A diet that includes fruits and vegetables is essential for health and lowering your cancer risk. But nearly three-quarters of produce sold in the U.S. contains residue of potentially harmful pesticides, according to EWG’s Shopper’s Guide to Pesticides in Produce™. That doesn’t include pesticides found on other food, such as oats, rice, wheat and beans

What you can do

Choose organic fruit and vegetables, whenever possible. Consult EWG’s Dirty Dozen™ list of fruits and vegetables that have the highest traces of pesticides, and try to buy organic when possible to lower the risk of exposure to these chemicals. Our Clean Fifteen™ list reveals the items with the least pesticide residue, and they’re OK to buy non-organic, if necessary.

5. Hair colorants and relaxers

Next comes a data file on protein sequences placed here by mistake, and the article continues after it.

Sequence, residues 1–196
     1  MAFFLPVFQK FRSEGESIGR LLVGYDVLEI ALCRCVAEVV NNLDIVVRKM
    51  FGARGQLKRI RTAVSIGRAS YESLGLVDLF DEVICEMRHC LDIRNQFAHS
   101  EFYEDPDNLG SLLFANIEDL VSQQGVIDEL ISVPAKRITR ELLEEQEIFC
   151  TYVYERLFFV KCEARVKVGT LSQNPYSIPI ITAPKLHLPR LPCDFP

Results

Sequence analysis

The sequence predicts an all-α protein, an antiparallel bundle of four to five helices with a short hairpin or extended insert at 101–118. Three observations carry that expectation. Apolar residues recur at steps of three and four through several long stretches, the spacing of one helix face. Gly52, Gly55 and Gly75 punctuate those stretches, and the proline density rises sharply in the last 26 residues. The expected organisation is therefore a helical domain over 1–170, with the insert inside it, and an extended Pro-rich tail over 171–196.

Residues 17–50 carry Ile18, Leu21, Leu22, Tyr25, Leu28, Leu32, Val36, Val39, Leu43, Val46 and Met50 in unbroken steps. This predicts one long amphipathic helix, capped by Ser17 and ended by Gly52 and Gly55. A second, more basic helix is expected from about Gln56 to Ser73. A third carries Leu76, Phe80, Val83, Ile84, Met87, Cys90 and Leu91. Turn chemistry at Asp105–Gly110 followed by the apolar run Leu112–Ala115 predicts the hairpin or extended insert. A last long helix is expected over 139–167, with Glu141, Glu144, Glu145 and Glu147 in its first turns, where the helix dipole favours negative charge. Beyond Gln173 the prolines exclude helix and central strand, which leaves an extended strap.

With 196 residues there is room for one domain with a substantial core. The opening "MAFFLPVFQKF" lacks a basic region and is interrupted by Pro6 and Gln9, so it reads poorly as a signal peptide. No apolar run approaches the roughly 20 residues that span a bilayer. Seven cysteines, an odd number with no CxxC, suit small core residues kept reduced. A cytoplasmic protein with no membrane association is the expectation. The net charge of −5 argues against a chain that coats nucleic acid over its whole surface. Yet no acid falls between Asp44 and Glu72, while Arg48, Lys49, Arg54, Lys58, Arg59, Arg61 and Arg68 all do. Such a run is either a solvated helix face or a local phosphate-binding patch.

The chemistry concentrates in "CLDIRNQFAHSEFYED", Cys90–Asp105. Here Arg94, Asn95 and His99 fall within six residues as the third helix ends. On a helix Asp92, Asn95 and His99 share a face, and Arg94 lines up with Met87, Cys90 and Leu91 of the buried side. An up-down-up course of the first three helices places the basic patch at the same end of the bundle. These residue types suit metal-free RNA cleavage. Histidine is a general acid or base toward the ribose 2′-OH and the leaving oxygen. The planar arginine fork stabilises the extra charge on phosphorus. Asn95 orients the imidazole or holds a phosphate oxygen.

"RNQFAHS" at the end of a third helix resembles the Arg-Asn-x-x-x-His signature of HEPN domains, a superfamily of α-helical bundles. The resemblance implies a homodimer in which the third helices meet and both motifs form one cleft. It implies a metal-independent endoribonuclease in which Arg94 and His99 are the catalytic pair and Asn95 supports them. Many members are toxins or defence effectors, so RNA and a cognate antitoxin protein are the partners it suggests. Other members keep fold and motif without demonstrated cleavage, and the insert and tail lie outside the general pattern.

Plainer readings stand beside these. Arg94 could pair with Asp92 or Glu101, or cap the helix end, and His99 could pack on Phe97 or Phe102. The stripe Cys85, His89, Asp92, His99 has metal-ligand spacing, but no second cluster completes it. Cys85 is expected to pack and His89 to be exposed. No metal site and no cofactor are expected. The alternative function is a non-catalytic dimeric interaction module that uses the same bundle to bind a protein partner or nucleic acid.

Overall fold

Many studies point to a connection between hair treatments and cancer, particularly hair colorants and relaxers. Some ingredients that have been or still are used in hair dyes are considered “reasonably anticipated to be human carcinogens,” according to the National Toxicology Program. 

Research shows workplace exposure to hair dye probably causes cancer in humans. Other studies have found associations between breast cancer and the use of hair dye and hair smoothing treatments. And longer duration and earlier use of hair straighteners, as well as combining permanent hair dye and relaxers, are associated with breast tumor features that indicate a higher risk. 

What you can do

The American Cancer Society says most of the concern about cancer risk has been about semi-permanent and permanent dyes, as well as darker hair dyes in general, because those have more of the ingredients that may cause cancer. More research is needed, but avoiding hair dyes and relaxers is a great step for cancer prevention. 

EWG’s Skin Deep® database rates more than 80,000 personal care products in a simple, searchable online format, helping you find products without potentially unsafe ingredients.